Mar 142016

Extended travel of late means I’ve just finished a couple more rock books of note on Sam Phillips and the Replacements!

Sam Phillips: The Man Who Invented Rock ‘n’ Roll, by Peter Guralnick

I had just a cursory knowledge of Sun Records and Sam Phillips.  If you’re in the same boat, this is a good history lesson on the Memphis scene in the 50s.  Guralnick was a friend of Sam’s and relied on him big time for his two Elvis books, so this story line takes most of what Sam says and thinks about the period at face value.  Of course there are great stories about Jerry Lee, Cash, Ike Turner, and Elvis, but beyond that are the people, family members and mistresses that surrounded Phillips throughout that golden age and later. It also does a good job explaining how independent labels functioned and the shoe leather (and tire rubber) it took to break artists…and then how the majors would come in and sign the rising star for big money. There’s also vintage gear talk!


  8 Responses to “Rock Book Capsule Reviews, Early 2016 Edition”

  1. I heard a good interview with Guralnick recently, on Marc Maron’s WTF. This post, which I’m sorry I didn’t see waiting for posting for some time, reminds me that I wanted to let you know I read Costello’s book. I really liked it, but the last couple of chapters were a real stretch. He seemed intent on throwing all sorts of details in at the end, few of which added anything new. Anyhow, I love the guy, and felt like I was hanging out with him for a week.

  2. Appreciate these reviews. I’m unlikely to ever feel that I want 500 pages on the ‘Mats but this review has me wavering.

  3. ladymisskirroyale

    BTW, Chris Mars continues to have an interesting art career. Google some of his stuff.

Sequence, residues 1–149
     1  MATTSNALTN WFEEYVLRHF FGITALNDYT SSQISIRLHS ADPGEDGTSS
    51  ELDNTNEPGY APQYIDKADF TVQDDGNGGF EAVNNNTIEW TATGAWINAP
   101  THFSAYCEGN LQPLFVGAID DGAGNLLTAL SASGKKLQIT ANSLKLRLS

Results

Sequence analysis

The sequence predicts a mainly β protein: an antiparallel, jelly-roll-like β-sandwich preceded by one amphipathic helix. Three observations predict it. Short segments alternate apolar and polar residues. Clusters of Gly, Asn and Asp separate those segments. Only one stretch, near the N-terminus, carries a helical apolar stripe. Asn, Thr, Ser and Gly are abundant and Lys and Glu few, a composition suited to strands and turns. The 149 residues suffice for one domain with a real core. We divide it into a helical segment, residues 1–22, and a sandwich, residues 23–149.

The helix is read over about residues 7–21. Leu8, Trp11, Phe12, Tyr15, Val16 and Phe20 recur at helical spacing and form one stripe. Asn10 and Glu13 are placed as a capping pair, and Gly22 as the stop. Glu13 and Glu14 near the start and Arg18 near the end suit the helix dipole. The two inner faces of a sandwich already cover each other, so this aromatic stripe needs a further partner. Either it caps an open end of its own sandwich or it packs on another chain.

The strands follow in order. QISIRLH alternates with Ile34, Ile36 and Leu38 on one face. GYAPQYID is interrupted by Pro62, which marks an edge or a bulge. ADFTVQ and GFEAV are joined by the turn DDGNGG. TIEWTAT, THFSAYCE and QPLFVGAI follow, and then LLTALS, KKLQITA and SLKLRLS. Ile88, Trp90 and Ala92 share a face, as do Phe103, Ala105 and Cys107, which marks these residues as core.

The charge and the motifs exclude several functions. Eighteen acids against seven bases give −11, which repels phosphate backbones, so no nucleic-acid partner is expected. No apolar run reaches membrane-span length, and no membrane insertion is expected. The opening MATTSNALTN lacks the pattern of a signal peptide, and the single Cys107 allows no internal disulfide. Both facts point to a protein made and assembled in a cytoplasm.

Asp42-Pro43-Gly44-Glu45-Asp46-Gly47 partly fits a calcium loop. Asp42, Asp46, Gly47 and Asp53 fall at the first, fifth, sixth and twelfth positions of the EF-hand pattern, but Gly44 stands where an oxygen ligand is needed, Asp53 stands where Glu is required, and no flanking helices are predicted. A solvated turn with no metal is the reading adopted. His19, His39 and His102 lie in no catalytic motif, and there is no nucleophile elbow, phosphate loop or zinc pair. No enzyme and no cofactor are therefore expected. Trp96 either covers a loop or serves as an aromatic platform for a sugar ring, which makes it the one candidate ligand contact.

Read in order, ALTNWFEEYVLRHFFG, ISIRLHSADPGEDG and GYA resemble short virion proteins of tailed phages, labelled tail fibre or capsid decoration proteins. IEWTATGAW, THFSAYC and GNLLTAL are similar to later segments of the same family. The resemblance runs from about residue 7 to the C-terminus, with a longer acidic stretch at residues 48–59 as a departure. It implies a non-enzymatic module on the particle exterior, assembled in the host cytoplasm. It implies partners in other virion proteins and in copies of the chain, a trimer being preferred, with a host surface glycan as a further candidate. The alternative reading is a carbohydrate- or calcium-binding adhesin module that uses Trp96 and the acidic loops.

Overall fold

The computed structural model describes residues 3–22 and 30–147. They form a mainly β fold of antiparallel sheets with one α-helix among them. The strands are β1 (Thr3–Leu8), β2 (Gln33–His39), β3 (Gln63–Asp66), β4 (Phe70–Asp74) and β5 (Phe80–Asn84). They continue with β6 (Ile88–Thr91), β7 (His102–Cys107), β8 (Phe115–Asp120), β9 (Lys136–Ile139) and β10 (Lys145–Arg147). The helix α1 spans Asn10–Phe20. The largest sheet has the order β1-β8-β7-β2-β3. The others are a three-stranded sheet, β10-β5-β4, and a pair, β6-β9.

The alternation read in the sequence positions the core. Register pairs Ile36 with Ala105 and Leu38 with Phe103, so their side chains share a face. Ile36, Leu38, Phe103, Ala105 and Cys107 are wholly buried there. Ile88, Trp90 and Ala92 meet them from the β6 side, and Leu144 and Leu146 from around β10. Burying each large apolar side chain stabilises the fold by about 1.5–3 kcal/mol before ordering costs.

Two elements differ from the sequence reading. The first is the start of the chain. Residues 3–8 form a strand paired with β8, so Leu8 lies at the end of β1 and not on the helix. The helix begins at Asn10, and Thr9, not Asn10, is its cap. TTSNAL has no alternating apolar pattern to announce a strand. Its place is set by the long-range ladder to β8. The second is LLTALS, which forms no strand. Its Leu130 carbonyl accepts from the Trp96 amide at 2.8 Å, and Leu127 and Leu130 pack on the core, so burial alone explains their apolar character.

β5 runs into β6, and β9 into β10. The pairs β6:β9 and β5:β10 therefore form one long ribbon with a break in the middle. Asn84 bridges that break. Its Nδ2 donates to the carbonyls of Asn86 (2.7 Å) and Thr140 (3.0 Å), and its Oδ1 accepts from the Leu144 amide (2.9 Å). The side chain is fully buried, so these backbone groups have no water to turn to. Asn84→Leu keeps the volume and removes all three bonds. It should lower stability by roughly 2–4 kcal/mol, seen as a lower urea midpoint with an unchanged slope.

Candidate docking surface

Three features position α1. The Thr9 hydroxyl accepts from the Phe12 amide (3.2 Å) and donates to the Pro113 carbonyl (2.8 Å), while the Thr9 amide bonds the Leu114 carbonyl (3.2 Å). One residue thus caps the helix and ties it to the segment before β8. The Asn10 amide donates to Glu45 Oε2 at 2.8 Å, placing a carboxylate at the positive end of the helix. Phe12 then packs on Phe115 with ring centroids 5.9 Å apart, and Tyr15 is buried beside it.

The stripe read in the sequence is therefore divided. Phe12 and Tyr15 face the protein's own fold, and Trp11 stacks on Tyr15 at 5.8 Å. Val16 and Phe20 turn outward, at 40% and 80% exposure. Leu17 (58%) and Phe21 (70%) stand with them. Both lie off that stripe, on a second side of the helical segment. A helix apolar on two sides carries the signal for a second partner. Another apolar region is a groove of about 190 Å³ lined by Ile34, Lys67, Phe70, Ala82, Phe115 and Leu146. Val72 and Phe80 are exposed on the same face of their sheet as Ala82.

And thanks for the reviews, funoka. I wish I had more time to read but also have some travel coming up so am looking for good reads. The closest thing to music journalism I’ve read recently is a couple of those 33 1/3 books, one on “Doolittle,” which was pretty darn interesting, and one on “Dummy” which I gave up on half way through because of all the tangents.

    That said, has anyone else noticed that the music writing in The Newyorker has significantly improved since SFJ left?

  4. diskojoe

    I have a bit of a black log, erm back log on rock books. I do have the Costello & Sam Phililips books that need to be read, as well as Johnny Rogan’s bio of Ray Davies. That ‘mats book sounds interesting as well. Can anyone recommend any half-decent books on Bowie?

  5. C’mon — you want real story behind Run It, don’t you?

  6. Mars comes off in the book as the mostly sane Mat, but he had his moments before he quit. Remember the Chris Mars solo albums? Book says he aimed Popular Creeps directly at Paul and Tommy.

  7. tonyola

    I can recommend The Complete David Bowie, which even-handedly discusses all his albums, songs, movies, videos, etc. along with all his musical ventures.

  8. misterioso

    It’s not a bio but Peter Doggett’s The Man Who Sold the World: David Bowie and the 1970s is pretty good in terms of the records.

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